So what happened in the middle east, well the Ottomans happened. Muslim turks from central asia gradually conquered constantinople, the eastern capital of the roman empire from the 13th Century onwards, adopted the local graeco roman european practise of veiling their women, and when they subsequently conquered the middle east forcefully introduced the practise there.
Apparently the goal at the time in enforcing the veil, was to tame the notoriously wild and ferocious local arab women, who were known for going into battle alongside their men!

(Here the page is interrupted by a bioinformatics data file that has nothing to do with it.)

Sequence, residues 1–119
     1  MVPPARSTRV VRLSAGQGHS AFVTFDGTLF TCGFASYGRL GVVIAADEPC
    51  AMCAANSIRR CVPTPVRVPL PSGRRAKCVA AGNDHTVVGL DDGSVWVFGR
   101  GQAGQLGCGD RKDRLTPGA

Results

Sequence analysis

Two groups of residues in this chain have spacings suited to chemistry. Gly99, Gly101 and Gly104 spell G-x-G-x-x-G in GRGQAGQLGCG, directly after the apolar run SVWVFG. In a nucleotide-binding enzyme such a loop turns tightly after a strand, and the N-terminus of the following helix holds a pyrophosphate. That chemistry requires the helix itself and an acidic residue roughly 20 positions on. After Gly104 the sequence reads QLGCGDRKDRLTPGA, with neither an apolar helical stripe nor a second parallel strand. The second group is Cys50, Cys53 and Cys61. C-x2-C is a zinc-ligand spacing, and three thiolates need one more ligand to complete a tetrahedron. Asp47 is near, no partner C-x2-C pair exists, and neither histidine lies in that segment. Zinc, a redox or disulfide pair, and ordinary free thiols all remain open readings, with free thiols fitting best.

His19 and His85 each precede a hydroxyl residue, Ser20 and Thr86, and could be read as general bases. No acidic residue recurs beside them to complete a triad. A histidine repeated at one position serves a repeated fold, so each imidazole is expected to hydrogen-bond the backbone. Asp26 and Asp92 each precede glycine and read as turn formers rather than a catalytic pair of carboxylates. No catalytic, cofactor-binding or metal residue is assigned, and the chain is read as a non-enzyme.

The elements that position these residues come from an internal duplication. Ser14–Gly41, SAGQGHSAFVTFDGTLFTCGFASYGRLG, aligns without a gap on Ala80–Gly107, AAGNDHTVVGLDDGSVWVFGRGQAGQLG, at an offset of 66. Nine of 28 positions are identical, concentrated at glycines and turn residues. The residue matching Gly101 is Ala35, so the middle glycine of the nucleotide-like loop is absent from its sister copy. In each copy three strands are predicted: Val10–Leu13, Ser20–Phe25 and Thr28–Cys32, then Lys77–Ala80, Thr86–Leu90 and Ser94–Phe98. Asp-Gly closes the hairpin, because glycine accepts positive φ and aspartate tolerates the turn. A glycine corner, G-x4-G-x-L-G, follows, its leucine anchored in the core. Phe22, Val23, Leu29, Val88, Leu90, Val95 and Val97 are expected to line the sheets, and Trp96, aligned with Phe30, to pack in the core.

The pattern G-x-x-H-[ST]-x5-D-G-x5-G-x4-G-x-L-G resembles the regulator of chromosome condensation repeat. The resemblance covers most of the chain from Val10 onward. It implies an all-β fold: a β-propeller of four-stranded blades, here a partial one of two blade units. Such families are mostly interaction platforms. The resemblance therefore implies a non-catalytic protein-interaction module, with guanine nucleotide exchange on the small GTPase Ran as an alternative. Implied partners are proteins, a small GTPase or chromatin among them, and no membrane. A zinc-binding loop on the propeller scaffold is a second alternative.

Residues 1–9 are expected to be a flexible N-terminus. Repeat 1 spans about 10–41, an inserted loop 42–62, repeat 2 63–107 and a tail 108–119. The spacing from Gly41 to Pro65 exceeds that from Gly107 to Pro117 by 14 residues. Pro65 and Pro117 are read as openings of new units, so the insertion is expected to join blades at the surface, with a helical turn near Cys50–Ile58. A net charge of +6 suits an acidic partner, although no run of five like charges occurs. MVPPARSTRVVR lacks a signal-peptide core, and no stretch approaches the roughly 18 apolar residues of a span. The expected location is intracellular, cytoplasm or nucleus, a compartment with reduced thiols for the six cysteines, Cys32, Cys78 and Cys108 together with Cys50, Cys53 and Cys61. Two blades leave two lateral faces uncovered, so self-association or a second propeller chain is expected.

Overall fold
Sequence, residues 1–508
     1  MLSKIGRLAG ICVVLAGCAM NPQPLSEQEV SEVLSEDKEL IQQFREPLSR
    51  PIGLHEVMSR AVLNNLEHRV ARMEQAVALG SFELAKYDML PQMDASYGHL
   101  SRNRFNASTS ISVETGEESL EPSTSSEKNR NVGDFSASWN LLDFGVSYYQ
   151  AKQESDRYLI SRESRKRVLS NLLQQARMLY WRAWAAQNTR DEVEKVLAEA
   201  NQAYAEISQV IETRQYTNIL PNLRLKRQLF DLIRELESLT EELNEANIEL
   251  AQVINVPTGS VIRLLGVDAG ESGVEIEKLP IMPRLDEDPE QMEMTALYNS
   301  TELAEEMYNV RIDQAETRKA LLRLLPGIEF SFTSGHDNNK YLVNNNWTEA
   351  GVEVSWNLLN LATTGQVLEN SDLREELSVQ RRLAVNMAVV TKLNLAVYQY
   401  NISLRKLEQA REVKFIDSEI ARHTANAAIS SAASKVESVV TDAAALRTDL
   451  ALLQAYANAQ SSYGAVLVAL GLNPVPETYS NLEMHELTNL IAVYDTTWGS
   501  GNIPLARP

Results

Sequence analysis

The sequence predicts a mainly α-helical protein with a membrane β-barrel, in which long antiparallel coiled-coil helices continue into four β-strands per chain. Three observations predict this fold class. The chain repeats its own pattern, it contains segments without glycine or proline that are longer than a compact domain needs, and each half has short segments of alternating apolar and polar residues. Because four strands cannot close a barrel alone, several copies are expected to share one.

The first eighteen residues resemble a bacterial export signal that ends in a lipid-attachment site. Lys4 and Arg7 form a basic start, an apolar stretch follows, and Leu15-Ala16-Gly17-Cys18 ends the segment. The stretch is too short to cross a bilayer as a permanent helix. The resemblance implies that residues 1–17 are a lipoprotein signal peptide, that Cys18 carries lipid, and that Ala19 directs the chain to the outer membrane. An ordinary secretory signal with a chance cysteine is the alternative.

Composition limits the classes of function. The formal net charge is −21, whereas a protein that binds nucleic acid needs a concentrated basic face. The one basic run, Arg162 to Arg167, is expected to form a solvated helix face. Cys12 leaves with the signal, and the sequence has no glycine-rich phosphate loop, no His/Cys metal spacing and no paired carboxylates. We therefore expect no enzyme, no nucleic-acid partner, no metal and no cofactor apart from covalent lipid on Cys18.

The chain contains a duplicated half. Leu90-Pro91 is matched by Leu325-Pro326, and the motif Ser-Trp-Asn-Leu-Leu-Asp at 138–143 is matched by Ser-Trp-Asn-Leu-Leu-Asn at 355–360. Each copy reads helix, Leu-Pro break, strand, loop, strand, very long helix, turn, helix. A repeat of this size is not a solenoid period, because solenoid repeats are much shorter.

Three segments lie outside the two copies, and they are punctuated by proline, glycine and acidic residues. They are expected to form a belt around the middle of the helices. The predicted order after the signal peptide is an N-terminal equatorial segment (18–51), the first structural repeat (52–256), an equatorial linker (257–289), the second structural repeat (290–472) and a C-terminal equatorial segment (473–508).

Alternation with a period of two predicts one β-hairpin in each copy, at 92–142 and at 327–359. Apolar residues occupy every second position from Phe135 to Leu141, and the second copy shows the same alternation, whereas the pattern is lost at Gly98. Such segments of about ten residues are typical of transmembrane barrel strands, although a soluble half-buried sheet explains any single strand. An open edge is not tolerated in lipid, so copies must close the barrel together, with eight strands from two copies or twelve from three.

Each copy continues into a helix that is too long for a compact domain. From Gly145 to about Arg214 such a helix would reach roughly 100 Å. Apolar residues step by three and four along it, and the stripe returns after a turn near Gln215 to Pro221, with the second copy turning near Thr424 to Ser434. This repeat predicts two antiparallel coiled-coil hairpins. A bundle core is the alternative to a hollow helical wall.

Twilight said...

Jen ~ Thank you for those facts. :-)

So there is equivalency, but only in their origin. Depending on the context of any debate on the matter then, the two: burka and nun's habit, may or may not qualify for false equivalency. A nun becomes a nun from choice, so elects to wear the habit of her chosen order. Middle-eastern females whose sect demands the burka have no choice in the matter. That's just one of the other facts which would qualify the two items for a false equivalency label, or so I suppose.